During a 1983 trip to the United States, Reagan and the queen stuffed an itinerary with social events. The two planned to ride horses at Reagan’s California ranch, but due to rain had to stay indoors for a taco lunch. First lady Nancy Reagan then sailed to San Francisco with the queen, before Reagan hosted a large state dinner. The day after, the queen threw a yacht party to celebrate the Reagans’ 31st wedding anniversary.
Reagan would see the queen twice more as president — in 1984 and 1988 — during trips to London.
George H.W. Bush
President Bush visited London three times while in office, and Queen Elizabeth visited Washington once, in 1991.
During a White House state dinner, the queen praised Bush’s role in the recently concluded Gulf War, in which a U.S.-led coalition reimposed an absolute monarchy in Kuwait.
“You led not with bombast but with what is called ‘three o’clock in the morning courage,'” the queen told Bush.
President Clinton hobnobbed with the queen during several visits to London, but she never paid him a visit in Washington.
Their first meeting came in 1994 — the same year as palace officials denied as “complete nonsense” Trump’s public claim that the queen’s son Prince Charles had joined Trump’s Mar-a-Lago club in Florida.
During Clinton’s final meeting with the queen in 2000, Clinton chatted about his time golfing with her other son, Prince Andrew.
On his way back to Washington, Clinton reminisced to reporters aboard Air Force One, saying that the 74-year-old queen’s hair had gone white, but she had “youthful eyes.”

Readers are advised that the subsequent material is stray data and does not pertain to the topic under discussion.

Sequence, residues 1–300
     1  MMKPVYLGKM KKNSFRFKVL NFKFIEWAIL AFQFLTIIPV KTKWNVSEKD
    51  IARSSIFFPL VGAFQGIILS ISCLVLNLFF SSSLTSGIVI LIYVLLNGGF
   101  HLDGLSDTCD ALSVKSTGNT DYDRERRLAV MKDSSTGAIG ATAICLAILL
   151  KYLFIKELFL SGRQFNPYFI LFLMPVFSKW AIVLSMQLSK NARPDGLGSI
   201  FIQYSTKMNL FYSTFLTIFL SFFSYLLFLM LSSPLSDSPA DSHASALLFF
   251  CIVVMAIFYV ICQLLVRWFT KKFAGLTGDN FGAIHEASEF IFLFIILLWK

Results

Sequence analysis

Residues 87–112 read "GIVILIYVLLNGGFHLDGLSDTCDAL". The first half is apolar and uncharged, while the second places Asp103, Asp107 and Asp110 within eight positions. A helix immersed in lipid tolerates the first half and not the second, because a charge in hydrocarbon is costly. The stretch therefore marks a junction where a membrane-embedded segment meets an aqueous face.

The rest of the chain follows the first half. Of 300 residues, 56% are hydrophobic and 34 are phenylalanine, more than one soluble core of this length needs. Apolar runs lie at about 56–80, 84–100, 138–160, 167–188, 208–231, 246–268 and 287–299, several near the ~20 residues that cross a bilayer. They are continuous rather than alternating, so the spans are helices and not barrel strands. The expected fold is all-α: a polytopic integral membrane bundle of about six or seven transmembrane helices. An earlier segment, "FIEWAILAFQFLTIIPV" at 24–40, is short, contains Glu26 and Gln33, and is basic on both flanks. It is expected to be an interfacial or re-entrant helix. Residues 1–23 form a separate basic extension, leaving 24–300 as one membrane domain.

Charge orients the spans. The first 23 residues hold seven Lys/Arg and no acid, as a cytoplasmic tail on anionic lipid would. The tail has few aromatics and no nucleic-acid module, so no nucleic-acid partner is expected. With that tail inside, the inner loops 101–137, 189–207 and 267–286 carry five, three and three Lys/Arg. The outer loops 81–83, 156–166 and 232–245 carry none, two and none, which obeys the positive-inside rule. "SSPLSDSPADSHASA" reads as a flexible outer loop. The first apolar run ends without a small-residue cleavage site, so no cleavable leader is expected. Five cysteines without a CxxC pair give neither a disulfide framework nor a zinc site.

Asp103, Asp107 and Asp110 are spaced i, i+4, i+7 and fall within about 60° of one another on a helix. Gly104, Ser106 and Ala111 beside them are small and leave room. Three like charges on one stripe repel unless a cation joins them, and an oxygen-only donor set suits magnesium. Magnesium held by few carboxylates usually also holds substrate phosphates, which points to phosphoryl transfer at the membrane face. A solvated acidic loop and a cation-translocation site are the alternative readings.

“She has these baby blue eyes — just piercing,” Clinton recalled.
George W. Bush
President Bush also visited with the queen during several visits to England, and she returned to the U.S. for her most recent official trip in 2007 to mark the 400th anniversary of English colonization.
The gaffe-prone Bush suggested during a welcoming speech that the elderly queen was 230 years old — living at the time of the American Revolution.
“She gave me a look that only a mother could give a child,” Bush recounted, making light of the slip over dinner.
President Obama gifted the queen an iPod loaded with audio of his speeches during their first meeting in 2009, drawing widespread mockery. Michelle Obama was criticized for touching the queen on her back.
Obama made a safer choice in 2016, when for the queen’s 90th birthday he gave her a photo album documenting her visits with U.S. presidents.